I’m pleased to offer up this review of The Q Guide to Broadway, a new book by one of my favorite radio personalities, Seth Rudetsky:
For those of you who don’t know (which is pretty much all of you), in addition to being a writer and librarian, I am also a nut for Broadway musicals. Sadly, I must admire them from afar, since even in-town productions are out of my price range. Which is why I’m so enamored with Rudetsky, who hosts numerous music and talk programs on Sirius Satellite Radio’s Broadway channel.
I won’t repeat Rudetsky’s entire show-biz pedigree – which you can find here – but suffice it to say that he’s pretty much a Broadway blueblood with the sort of inside access most of us can’t ever hope to achieve. What’s even better is that he offers a musician’s perspective, telling us to listen (for example) to that last note Mary Martin sings in The Sound of Music’s Do-Re-Mi, and other such heads-up alerts. As someone who fancies myself a singer – someday, maybe – I have learned a lot by listening to him. As we say here in Georgia (where we sport the second-lowest SAT scores in the nation, or something like that), it’s downright edja-cay-shun-al. But it’s also entertaining, because Rudetsky is a very funny guy.
Still, I was a little cynical when I heard he had written a book about Broadway musicals. I figured, with his inside knowledge, that it might be an insider’s book. Like, inside jokes meant for Beautiful People, which probably wouldn’t include me or anyone I know.
I’m pleased to say I couldn’t have been more wrong. The Q Guide to Broadway is an insider’s book, but only in its authorship. While I imagine even Beautiful People will find some lovely gems inside, it’s very well suited for neophytes. Rudetsky tells us the basics, even starting with the definition of “Broadway.” He shows us where to get discounted tickets, where to learn more about the shows and the stars, which CDs are essential to a good collection, and lots more. And best of all, he does it all without making the reader feel like a Pitiful Outsider. Rudetsky’s relationship with the reader is definitely more mentor-protégé than expert-idiot.
And while the “Q” in The Q Guide to Broadway stands for “queer,” it’s not just a gay guide. Of course, somebody like Fred Phelps might get the heebie jeebies reading it, but anything that gives Fred Phelps the willies deserves a thumbs-up.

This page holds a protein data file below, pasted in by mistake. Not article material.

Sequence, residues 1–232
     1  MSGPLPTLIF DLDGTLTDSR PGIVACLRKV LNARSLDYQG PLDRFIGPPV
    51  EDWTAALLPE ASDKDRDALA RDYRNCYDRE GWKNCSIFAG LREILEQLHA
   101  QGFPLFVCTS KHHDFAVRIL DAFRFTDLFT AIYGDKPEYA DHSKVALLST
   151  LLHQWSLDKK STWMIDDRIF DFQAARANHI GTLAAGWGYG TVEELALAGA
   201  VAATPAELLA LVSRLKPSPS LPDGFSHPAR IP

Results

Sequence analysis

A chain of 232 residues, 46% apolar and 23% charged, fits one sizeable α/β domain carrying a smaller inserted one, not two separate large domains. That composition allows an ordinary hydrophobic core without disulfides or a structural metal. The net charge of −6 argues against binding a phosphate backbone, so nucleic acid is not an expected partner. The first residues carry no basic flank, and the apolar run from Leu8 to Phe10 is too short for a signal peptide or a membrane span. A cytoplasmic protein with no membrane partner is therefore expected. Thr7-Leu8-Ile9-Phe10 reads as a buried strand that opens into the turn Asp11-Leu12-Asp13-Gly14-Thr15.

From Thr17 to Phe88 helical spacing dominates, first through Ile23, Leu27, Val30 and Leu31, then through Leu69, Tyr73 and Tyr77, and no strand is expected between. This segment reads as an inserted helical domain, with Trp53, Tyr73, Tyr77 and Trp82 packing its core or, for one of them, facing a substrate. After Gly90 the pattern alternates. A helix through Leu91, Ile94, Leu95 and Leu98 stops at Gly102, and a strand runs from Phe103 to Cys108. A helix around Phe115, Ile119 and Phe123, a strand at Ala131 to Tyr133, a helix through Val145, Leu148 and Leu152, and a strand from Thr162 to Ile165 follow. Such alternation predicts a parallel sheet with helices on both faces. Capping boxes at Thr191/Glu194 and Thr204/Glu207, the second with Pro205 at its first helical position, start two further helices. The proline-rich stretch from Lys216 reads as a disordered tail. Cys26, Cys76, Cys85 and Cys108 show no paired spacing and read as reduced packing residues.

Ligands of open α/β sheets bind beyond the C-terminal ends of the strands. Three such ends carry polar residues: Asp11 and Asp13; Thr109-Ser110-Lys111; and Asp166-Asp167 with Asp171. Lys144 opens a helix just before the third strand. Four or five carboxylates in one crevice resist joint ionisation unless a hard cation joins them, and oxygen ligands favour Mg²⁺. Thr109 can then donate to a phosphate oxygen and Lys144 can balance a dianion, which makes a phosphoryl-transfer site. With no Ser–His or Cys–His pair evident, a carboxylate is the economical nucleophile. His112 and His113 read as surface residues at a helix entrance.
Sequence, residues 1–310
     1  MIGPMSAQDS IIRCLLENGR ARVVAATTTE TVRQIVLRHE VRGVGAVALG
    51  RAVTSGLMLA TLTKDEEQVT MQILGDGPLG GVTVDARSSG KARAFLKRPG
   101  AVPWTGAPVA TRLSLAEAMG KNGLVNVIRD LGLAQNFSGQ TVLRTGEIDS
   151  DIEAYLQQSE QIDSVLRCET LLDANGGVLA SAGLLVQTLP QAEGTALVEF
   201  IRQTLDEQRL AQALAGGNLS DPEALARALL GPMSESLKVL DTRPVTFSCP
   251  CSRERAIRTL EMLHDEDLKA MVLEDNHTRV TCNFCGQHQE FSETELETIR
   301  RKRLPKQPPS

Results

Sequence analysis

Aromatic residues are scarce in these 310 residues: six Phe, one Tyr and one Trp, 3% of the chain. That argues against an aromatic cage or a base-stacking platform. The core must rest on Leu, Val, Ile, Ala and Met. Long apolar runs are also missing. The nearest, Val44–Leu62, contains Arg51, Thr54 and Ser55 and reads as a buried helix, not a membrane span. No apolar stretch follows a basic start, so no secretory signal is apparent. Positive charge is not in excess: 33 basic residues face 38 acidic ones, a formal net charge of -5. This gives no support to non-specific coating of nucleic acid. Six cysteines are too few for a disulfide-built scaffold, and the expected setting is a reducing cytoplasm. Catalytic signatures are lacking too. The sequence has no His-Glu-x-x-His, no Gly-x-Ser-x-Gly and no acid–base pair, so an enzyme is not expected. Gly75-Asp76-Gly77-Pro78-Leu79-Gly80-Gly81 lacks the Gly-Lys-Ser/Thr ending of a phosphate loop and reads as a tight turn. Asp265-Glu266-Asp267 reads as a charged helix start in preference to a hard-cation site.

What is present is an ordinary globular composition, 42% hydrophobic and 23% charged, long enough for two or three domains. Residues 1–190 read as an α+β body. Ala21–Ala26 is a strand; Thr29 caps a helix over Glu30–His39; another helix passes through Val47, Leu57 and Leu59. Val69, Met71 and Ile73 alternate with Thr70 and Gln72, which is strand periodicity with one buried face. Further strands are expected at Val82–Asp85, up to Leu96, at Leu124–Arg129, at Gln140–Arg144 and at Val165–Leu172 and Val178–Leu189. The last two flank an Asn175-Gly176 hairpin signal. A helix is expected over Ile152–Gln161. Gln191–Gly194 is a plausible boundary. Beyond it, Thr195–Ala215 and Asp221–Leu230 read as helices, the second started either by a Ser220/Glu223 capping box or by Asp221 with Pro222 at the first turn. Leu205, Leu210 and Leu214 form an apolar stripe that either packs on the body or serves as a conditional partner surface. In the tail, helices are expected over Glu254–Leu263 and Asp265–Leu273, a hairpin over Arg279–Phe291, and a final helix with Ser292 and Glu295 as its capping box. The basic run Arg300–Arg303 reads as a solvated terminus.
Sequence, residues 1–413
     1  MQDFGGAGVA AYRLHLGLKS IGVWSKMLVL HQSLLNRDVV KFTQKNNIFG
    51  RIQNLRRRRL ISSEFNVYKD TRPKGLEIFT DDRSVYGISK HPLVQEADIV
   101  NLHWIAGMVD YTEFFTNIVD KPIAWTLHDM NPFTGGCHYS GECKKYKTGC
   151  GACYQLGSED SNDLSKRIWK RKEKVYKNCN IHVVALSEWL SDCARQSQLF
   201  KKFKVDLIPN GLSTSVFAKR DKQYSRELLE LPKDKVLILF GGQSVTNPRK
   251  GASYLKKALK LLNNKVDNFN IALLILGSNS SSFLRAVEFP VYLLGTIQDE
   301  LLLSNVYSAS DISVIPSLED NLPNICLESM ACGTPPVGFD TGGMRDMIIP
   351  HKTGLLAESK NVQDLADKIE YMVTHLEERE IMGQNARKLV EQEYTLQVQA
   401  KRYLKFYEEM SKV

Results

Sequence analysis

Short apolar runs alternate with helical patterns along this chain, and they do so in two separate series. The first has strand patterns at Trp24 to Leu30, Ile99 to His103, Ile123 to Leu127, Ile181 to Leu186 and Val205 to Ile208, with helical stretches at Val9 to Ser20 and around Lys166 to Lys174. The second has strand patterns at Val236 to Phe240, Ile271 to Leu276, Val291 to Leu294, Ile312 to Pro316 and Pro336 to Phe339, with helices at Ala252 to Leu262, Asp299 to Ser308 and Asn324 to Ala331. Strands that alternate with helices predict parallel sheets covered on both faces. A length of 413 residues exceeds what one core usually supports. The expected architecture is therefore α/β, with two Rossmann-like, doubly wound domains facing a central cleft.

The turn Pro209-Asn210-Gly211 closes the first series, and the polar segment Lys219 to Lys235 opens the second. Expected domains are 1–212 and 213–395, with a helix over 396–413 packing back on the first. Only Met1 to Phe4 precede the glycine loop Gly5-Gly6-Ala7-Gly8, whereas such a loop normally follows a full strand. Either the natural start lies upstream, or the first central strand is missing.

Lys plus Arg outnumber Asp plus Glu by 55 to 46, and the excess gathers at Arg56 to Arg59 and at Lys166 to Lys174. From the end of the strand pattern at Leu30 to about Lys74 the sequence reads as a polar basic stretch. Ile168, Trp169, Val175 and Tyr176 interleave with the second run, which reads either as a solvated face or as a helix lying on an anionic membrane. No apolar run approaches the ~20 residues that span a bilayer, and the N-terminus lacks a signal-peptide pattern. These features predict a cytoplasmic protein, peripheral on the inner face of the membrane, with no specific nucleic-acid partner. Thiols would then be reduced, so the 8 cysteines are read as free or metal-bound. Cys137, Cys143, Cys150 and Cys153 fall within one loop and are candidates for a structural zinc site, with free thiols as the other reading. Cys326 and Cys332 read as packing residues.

That’s not to say the book is perfect. It could use one more round of proofreading, and people who aren’t familiar with Rudetsky’s lively personality could be taken aback by his effervescence (those who like Rudetsky will adjust quite nicely).
And there’s one thing more you should know. Rudetsky hurt my feelings. Yes, he did. In praising the performance of baritone Robert Weede in Most Happy Fella, Rudetsky points out that Weede sings a particularly high note on an “e” vowel. He writes: “E vowels are notoriously difficult to sing [in high ranges] because they tighten you up. That’s why so many bad singers change the word ‘me’ to ‘may.’”
Bad singers? Gee, Seth, isn’t that a bit harsh? I mean, I did that when I was learning and I still have to adjust vowels if I go above a high A. And I bet it’s no coincidence that Leonard Bernstein assigned an “ah” vowel to all the really high notes in “Glitter and Be Gay.” Bad singers? Inexperienced, maybe. Out of their range, perhaps. But bad? Doesn't "bad” mean irredeemable? What a depressing thought!
Oh, all right. I just don’t want to admit I’m a bad singer. And maybe always will be. But still…Ouch!
That weakness aside, if you’re interested in Broadway but couldn’t hope to have a clue as to what’s going on, this is a great book to get you started. If you already know a bit about Broadway and you’re planning a trip to New York, this book could definitely save you some bucks. And if you happen to be a Rudetsky fan, well, this book is a definite winner.
But … really, I’m a bad singer?